A Flap Over Foie Gras

US - It was a delicacy among the Romans, and later the Jews, a substitute for the pig that helped their Christian neighbors survive the Middle Ages. To French food writer Charles Gerard, foie gras - the swollen liver of a deliberately overfed goose or duck - was "the supreme fruit of gastronomy."

Seared and doused with a port-wine reduction, or baked with truffles into a terrine, it is the key to the restaurant industry's holy grail: the $20 appetizer.

But to animal-rights activists, it's fur on a plate, an outrageous flaunting of humanity's dominion over other species, and at the same time a wedge issue that can usefully be wielded against the entire meat industry.

Which is why, within an hour of Cardinal Ratzinger's elevation last week, an exultant e-mail went out from Bruce Friedrich, director of vegan campaigns for People for the Ethical Treatment of Animals, calling media attention to the new pope's views on animal husbandry.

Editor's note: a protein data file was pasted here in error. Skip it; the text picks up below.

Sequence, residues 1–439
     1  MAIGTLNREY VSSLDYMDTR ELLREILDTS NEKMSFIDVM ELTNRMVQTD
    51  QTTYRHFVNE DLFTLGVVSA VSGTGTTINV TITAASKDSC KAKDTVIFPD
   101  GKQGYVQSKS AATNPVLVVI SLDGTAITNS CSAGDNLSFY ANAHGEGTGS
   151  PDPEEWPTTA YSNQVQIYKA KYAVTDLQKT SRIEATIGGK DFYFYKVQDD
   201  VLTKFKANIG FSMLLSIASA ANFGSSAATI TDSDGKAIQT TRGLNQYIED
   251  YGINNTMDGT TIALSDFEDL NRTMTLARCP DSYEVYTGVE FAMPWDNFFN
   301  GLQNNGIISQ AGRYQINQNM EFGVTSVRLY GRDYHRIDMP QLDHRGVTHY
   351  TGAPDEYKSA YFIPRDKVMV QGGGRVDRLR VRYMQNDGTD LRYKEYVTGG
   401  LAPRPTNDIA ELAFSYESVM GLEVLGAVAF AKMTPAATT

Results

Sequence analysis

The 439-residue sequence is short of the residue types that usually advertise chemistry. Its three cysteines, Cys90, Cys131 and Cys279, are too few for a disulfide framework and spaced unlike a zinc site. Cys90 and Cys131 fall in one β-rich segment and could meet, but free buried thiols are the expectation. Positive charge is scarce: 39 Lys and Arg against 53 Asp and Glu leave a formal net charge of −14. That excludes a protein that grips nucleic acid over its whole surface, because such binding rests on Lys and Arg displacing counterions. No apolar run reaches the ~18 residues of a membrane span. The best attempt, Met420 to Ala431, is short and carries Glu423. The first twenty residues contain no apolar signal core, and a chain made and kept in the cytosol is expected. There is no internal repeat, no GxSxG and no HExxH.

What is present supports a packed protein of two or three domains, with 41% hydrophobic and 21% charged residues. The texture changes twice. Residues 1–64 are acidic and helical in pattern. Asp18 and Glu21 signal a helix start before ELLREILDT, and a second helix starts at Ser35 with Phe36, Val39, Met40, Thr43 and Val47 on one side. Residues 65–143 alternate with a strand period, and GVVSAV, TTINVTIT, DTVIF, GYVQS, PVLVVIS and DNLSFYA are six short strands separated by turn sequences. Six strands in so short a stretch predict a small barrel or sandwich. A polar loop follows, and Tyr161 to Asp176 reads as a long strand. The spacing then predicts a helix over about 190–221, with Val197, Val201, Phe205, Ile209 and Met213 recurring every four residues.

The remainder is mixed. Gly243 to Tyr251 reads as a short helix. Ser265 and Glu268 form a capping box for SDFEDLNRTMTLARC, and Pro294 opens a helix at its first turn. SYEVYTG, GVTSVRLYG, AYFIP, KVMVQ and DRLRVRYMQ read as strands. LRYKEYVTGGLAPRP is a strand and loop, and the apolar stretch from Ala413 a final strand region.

In a 2002 interview, Ratzinger opined that "degrading living creatures to a commodity," specifically by force-feeding geese and confining chickens in crowded factory-farm cages, seems "to contradict the relationship of mutuality that comes across in the Bible."

Source: msnbc.msn.com
calendar icon 25 April 2005
clock icon 1 minute read
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